Police: Tornado sirens didn’t go off in Anderson

Tornado siren (WTHI Photo, file)

ANDERSON, Ind. (WISH) — Some people in Anderson were concerned Thursday night, after they say tornado sirens were not activated, despite the severe weather.

A tornado warning was issued for southeastern Madison County on Thursday. According to a NWS Weather Alert Bulletin, a severe thunderstorm capable of producing a tornado was located near Anderson and moving southeast. The alert did not mention law enforcement had spotted a funnel, even though NWS did have that information.

Joel Sandefur, spokesman for the Anderson Police Department, confirmed the sirens didn’t go off and said that Madison County Emergency Management Agency is looking into the issue. Madison County EMA spokesman Todd Harmeson said the city of Anderson is responsible for tornado sirens in the city, not the county.

24-Hour News 8 went to the city and asked about severe weather protocol. Public Safety Board member Frank Dick said the city didn’t sound the sirens because the funnel cloud showed no threat to the city. Dick said the city only activates the siren if a trained city worker spots a tornado on the ground in the city, the National Weather Service issues a tornado warning that shows a threat to the city or if the mayor decides to sound the siren. In all cases, the city workers can use their best judgement on whether or not to sound the alarm.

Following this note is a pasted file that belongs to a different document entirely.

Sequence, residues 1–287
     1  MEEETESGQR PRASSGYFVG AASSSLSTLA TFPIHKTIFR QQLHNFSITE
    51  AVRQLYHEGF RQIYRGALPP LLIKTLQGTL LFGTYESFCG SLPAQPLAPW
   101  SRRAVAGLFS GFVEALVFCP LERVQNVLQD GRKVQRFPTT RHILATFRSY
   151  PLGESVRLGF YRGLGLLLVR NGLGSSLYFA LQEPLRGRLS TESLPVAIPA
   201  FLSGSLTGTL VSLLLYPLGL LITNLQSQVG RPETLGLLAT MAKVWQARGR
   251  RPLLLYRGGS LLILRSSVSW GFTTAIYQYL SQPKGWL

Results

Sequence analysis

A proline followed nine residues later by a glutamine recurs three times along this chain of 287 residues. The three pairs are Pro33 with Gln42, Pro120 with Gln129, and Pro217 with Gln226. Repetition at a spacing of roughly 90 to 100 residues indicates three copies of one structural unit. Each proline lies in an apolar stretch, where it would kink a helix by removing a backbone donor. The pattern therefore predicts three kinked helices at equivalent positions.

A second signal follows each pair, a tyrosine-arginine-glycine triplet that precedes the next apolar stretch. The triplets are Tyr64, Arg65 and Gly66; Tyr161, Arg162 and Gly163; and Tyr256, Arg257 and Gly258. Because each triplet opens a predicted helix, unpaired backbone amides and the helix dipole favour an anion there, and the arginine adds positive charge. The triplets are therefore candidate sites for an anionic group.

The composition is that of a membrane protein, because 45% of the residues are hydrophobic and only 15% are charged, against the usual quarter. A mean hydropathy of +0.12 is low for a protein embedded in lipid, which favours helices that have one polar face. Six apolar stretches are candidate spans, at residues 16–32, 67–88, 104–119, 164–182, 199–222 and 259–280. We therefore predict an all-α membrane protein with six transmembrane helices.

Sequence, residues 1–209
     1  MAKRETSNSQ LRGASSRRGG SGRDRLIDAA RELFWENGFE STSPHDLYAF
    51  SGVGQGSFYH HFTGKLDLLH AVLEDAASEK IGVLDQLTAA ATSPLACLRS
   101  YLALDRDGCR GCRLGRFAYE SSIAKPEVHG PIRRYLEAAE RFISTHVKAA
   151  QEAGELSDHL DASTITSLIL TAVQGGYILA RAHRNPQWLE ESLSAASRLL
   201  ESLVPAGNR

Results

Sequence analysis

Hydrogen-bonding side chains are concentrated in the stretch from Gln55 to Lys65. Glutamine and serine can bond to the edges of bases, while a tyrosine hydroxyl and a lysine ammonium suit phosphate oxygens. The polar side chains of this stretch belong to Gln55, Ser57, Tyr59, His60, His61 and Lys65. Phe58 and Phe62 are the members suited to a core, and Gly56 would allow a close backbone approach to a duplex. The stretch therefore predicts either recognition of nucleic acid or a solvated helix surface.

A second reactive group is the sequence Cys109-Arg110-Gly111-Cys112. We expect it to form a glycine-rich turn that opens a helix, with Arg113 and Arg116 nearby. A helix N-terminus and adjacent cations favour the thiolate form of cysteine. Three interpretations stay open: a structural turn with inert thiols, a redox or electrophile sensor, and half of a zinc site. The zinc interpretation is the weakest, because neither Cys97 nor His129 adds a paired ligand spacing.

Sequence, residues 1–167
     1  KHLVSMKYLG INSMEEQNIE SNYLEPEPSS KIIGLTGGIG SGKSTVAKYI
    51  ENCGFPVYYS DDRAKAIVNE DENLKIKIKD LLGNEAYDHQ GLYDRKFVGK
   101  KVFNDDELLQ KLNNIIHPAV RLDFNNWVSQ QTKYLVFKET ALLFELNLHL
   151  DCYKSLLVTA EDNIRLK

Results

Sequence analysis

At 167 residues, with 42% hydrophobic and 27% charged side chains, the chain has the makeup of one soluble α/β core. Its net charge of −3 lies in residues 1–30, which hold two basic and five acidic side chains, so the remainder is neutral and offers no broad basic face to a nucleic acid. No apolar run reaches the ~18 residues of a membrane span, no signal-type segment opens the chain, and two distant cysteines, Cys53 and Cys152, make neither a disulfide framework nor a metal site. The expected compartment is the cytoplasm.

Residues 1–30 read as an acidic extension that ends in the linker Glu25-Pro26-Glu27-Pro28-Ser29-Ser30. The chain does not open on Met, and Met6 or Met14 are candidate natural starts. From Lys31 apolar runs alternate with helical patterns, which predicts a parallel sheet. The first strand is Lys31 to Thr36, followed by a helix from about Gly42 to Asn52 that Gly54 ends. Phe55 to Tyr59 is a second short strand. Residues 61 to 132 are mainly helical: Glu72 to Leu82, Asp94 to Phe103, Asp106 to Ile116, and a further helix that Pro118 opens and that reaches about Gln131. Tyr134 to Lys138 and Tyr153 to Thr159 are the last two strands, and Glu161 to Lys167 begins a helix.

“The city was never threatened. By a tornado or funnel cloud. There was no need to operate the sirens,” said Dick.

Dick said he heard about the funnel cloud sighting through an internal radio, and realized the storm was outside the city and headed away from Anderson.

Still, many people in Anderson worried that the storm could have easily changed directions and headed back toward Anderson.

“People should know. Even if it’s in the surrounding cities you never know where it’s going to go,” said Anderson resident Que Green.

24-Hour News 8 also asked if it would have bee possible to alert a portion of the city that was closest to the funnel cloud, instead of the entire city.

“You don’t know which way the tornado is going to go. You can’t rack it on radar but it could take a turn at any time. So if you set off sectorized sirens, And it takes a turn those people would not have been alerted,” said Dick.

Harmeson said a police officer saw a funnel cloud form and reach toward the ground near Ind. 236, in between County Roads 200 East and 300 East, which is southeast of the city of Anderson.

Initial reports were that a tornado had formed, however after investigating officials say they were unable to confirm the actual touchdown. There were trees down and other minor damage that is being attributed to strong winds from the thunderstorm.


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